15 October 2014 is International Day of Rural Women; a day focussing on celebrating rural women that makes a significant difference in enhancing agriculture, improving food security, eradicating poverty and developing rural communities. On this day, Collect-a-Can recognises and salutes the inspirational women from a local community recycling project that is changing the lives of the Watville community, a township south of Benoni.
Watville Ithuseng Recycling Co-op Ltd is managed by ten dedicated women who wanted to make a difference in developing the community of Watville. The project focuses on transforming waste into beautiful artwork, creating employment opportunities and educating the community about the importance of a clean and healthy environment.
“There was a high unemployment rate in Watville and children were playing at the dangerous dumping sites. We didn’t want to wait for someone to help us or continue to let our children suffer. We decided to stand together and start this recycling project,” says Nthabiseng Mohoto, public relations manager.
This project teaches its members basic craft skills to create products from recyclable waste. The products, including floor mats, plate mats, room dividers and handbags are sold to the local community. This project is an economic injection for the local community and provides jobs for 500 individuals who were previously unemployed.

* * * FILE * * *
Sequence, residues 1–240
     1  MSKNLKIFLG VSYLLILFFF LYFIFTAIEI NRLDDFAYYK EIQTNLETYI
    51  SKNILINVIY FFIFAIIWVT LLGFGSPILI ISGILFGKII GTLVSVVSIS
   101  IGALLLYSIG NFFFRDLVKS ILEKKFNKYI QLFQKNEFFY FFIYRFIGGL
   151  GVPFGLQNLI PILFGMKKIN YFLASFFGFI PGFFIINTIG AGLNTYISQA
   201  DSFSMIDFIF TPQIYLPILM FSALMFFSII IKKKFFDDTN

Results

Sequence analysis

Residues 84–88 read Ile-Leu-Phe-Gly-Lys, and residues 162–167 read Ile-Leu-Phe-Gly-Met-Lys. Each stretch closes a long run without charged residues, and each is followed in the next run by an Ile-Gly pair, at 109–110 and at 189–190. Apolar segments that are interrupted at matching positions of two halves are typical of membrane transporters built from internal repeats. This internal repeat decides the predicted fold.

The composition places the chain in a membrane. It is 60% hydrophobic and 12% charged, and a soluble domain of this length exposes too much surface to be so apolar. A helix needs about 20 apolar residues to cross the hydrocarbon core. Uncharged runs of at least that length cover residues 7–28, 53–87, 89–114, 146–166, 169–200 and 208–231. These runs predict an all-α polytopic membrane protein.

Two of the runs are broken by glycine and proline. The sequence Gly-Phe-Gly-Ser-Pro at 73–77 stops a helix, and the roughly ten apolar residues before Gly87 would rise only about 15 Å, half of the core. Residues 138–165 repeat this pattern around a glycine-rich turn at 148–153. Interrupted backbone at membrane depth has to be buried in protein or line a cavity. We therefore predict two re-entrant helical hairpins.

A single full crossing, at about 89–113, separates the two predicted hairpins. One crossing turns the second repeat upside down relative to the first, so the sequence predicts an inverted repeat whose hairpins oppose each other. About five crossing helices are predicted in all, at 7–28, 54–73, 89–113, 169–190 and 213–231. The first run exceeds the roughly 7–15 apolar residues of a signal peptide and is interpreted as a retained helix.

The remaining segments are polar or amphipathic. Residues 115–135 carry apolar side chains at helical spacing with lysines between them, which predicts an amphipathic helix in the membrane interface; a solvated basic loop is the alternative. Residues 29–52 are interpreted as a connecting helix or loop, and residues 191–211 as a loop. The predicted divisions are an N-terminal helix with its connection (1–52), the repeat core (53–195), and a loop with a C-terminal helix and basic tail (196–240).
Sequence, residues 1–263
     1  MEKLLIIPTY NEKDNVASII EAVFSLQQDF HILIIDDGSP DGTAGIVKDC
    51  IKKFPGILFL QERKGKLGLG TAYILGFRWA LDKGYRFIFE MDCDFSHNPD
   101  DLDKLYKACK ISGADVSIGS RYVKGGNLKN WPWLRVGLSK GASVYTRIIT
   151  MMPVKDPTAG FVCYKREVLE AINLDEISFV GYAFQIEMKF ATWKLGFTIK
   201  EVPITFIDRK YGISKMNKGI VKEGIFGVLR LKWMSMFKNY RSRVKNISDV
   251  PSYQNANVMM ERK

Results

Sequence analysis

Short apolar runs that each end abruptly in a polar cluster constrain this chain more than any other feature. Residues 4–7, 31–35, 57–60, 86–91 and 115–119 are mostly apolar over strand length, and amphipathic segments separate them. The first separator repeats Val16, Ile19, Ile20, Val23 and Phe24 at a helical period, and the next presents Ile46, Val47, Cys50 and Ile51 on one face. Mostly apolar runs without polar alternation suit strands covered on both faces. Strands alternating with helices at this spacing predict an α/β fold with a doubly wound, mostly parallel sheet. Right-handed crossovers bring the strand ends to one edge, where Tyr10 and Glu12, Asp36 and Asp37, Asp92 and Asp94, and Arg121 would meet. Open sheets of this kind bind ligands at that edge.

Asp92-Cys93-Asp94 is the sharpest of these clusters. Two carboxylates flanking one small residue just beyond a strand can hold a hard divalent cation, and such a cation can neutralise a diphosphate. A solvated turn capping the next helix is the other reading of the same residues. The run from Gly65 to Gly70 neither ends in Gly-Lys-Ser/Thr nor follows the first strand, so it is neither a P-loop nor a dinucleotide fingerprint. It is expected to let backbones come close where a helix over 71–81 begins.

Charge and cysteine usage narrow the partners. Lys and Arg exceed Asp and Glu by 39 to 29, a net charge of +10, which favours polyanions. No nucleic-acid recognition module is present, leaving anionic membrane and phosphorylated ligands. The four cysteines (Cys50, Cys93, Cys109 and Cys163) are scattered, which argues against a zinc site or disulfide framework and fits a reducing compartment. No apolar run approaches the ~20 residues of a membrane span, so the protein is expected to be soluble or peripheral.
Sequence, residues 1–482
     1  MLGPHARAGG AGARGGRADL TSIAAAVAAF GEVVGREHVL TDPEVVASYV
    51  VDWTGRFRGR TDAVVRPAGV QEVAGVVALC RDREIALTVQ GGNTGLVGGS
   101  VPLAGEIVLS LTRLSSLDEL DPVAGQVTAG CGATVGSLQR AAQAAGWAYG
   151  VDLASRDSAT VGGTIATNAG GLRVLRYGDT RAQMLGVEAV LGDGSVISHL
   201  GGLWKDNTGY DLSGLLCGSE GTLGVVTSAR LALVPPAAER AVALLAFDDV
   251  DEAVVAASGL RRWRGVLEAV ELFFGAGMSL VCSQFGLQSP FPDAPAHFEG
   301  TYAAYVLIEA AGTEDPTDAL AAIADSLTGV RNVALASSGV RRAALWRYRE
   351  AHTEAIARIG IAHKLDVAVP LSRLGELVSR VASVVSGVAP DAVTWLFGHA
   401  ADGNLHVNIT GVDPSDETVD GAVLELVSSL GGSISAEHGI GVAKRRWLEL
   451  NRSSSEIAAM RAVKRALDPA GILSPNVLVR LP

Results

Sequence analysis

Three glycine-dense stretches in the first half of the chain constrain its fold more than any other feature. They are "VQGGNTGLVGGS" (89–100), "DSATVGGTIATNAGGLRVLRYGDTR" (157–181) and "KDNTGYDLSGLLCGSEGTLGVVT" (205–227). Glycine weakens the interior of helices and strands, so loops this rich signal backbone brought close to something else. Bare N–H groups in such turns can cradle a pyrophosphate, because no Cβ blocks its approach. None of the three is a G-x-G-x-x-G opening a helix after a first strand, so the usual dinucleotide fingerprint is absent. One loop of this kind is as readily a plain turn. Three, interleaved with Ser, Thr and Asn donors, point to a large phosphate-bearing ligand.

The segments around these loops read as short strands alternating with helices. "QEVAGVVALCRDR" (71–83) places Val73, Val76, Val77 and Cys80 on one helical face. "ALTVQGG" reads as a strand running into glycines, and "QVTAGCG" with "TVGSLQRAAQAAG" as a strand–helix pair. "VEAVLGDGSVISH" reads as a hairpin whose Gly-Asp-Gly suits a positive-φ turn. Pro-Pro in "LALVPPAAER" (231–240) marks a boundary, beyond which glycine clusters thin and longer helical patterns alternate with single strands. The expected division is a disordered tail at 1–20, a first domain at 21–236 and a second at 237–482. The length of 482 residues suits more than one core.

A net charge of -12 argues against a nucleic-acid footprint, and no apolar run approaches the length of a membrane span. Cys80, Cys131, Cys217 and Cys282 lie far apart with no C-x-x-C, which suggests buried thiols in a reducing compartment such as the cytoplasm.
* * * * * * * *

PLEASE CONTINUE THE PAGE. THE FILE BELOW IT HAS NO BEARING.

Watville Ithiseng Recycling Co-op Ltd. was also recognised for their inspiring work in developing the community by using recyclable waste when they won the Recycling Award, sponsored by Collect-a-Can, at the annual Eco-logic Awards that took place on 17 September 2014.
“It is rewarding to see how we change the lives of ordinary people. Some members opened their own ventures after learning the basic arts and craft skills from this project,” mentions Mohoto.
The women from Watville Ithuseng Recycling Co-op Ltd. have great plans for the next year or two to develop and grow their recycling project and to continue making a sustainable difference in the community of Watville. “We would like to have our own buy-back centre where the community can sell their recyclable waste to us. We also aim to open our own craft centre where our crafts and other items can be sold to the broader public,” she says.
“It is important for all communities, especially the disadvantaged, to understand that waste has value and that it creates an opportunity for individuals to start their own ventures,” says Zimasa Velaphi, public relations and marketing manager of the can recovery and recycling organisation, Collect-a-Can.
For more information on Watville Ithuseng Recycling Co-op Ltd., please contact Nthabiseng Mohoto on 073 346 7682. To find out how to get involved in waste recovery and recycling visit Collect-a-Can’s website or contact the Collect-a-Can head office on 011 466 2939. Collect-a-Can is also on Facebook, Twitter.